The Post Oak - Quercus stellata is a deciduous tree that is 32 - 65 feet tall. It grows in an upright erect fashion with generally a single trunk. The crown grows in a rounded form, spreading and ascending, openly branched with a somewhat gnarled appearance. It is native and typically occurs in dry, upland, sandy or gravelly woods, or in dry, mixed deciduous forests from 0-1500 m. The Post Oak can be found from Massachusetts to Iowa in the North and Florida and Texas in the South.  The Post Oak has a very high wildlife value, it's acorns provide high energy winter food for Wild Turkey, Whitetail Deer, Squirrels and other small woodland rodents.  The trunk cavities provide good nesting sites for birds and small mammals. The leaves, buds and acorns are however toxic to cattle, sheep and goats.  

Image Citation: Chris Evans, University of Illinois, Bugwood.org

The Post Oak is most easily identified by its cross shaped leaves with rectangular lobes.  The leaves are alternate, simple and vary in size, they are U shaped or tapered at the bases.  The upper leaf surfaces are lustrous, dark green and have the texture of a fine grained sand paper.  The fruit is an acorn with a cup ranging in size from 7-18 mm deep, this cup encases 1/3 - 2/3 of the nut.  The acorns are generally a light brown in color and are egg shaped or rounded.  The bark is grayish in color, dull, irregularly furrowed and moderately scaly.  The buds are a reddish brown in color and egg shaped or rounded.  

Image Citation: Franklin Bonner, USFS (ret.), Bugwood.org
Image Citation: Vern Wilkins, Indiana University, Bugwood.org

The Post Oak can be planted anywhere in hardiness zones 6-9 (about half of the United States), though it is not Native to all of these areas.  The branches of the trees begin to droop with age and will require pruning/elevation to maintain clearance for traffic and pedestrians below.  The Post Oak will require minimal pruning in order to develop a strong structure. It prefers full sun, and has a high tolerance to drought and various soil conditions. The wood is often marketed as White Oak when sold as firewood.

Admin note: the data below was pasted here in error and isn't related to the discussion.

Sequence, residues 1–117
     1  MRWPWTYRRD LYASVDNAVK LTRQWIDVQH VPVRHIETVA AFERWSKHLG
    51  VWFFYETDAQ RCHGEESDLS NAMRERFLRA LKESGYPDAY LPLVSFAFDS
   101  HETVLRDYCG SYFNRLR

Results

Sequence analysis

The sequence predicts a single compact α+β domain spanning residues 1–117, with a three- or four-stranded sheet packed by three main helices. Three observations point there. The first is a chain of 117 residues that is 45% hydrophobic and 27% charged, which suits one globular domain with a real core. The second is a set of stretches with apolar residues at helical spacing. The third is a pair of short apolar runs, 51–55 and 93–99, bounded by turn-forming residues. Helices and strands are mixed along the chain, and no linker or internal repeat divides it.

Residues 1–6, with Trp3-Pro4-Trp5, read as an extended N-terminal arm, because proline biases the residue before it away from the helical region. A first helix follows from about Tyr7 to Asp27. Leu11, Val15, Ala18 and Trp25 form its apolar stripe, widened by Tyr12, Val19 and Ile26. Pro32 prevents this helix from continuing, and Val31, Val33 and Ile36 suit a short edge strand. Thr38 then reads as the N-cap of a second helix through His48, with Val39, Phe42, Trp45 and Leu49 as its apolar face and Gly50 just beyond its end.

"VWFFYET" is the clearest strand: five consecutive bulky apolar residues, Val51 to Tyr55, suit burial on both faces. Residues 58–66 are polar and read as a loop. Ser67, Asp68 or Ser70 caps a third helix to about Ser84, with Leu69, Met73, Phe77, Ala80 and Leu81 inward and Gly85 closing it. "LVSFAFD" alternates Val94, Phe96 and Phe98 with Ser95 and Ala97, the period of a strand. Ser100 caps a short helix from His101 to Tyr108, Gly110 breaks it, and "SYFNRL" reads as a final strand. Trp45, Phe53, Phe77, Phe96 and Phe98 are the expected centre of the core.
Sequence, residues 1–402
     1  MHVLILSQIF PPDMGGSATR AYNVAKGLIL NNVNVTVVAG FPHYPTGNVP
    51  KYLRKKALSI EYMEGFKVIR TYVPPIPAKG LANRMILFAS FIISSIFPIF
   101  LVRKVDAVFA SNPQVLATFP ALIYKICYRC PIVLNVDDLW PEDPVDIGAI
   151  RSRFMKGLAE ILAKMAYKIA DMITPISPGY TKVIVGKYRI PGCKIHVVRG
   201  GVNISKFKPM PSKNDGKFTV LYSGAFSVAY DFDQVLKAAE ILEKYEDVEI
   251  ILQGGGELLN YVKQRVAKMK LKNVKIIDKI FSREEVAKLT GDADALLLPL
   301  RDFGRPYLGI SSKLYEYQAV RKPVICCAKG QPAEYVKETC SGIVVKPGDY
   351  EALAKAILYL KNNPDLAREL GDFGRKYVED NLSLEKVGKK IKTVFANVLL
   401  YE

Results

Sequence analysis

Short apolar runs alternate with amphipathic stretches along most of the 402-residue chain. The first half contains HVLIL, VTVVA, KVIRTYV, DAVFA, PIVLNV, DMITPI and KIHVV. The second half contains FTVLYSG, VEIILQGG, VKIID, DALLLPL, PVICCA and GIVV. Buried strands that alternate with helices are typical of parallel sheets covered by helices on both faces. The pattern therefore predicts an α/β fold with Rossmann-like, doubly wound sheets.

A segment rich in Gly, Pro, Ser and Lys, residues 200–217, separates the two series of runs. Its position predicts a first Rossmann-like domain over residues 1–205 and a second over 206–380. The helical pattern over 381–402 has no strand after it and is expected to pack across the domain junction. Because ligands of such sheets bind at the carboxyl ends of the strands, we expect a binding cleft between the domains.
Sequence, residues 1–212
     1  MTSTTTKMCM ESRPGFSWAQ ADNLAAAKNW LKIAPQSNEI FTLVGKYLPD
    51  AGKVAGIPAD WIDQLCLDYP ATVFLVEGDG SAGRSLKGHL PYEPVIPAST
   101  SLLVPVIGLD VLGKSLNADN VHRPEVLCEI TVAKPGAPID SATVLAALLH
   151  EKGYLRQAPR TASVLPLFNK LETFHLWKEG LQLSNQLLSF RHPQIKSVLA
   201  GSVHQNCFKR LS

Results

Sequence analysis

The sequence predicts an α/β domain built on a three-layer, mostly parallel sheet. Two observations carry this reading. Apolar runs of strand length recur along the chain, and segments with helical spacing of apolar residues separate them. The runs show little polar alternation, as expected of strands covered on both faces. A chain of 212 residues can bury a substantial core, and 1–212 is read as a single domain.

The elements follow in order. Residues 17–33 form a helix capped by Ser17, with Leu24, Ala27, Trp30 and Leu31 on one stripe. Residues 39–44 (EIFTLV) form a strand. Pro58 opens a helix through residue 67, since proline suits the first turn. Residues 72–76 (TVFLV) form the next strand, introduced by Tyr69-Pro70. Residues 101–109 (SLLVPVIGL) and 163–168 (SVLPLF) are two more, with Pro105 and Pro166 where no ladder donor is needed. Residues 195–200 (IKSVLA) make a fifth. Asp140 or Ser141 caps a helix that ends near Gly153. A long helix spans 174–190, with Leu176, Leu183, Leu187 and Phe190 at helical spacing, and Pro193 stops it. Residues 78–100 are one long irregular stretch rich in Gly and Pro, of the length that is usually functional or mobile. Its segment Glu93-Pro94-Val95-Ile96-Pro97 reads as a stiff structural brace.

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Monday, September 2, 2019

Common Apple - Malus pumila

Common Apple - Malus pumila - Trees are small deciduous trees in the Rosaceae family with a single erect trunk and low hanging branches that often reach the ground. Sometimes also called Paradise Apple, this is the Apple of commerce. Numerous cultivars have been selected from this genus for taste, size, shape and color. Fruits of wild plants are often of lesser quality then those that are tended to in orchards. Other varieties of Apples and Crab Apples have smaller fruit and thorny twigs.

Image Citation: Gerald Holmes, California Polytechnic State University at San Luis Obispo, Bugwood.org

The fragrant flowers are white with a hint of pink or sometimes all pink. Flower have 5 petals and appear with the new leaves in mid - late Spring. The leaves are alternate, simply shaped, oval or elliptic with a bluntly pointed tip. The upper leaf surface is a deep green hairy when young, becoming hairless with age. The fruit is round or slightly ellipsoid pome, green when young becoming red with maturity. The fruit matures in Summer to Early Fall annually.

Image Citation: H.J. Larsen, Bugwood.org

Growing commonly in forest clearings, near streams in the Eastern United States (but not very far to the North or Gulf Coast region). Ornamental varieties are grown throughout the majority of the United States. It is believed that the Common Apple was originally introduced from Asia or Europe but has naturalized in many areas within it's hardiness zones.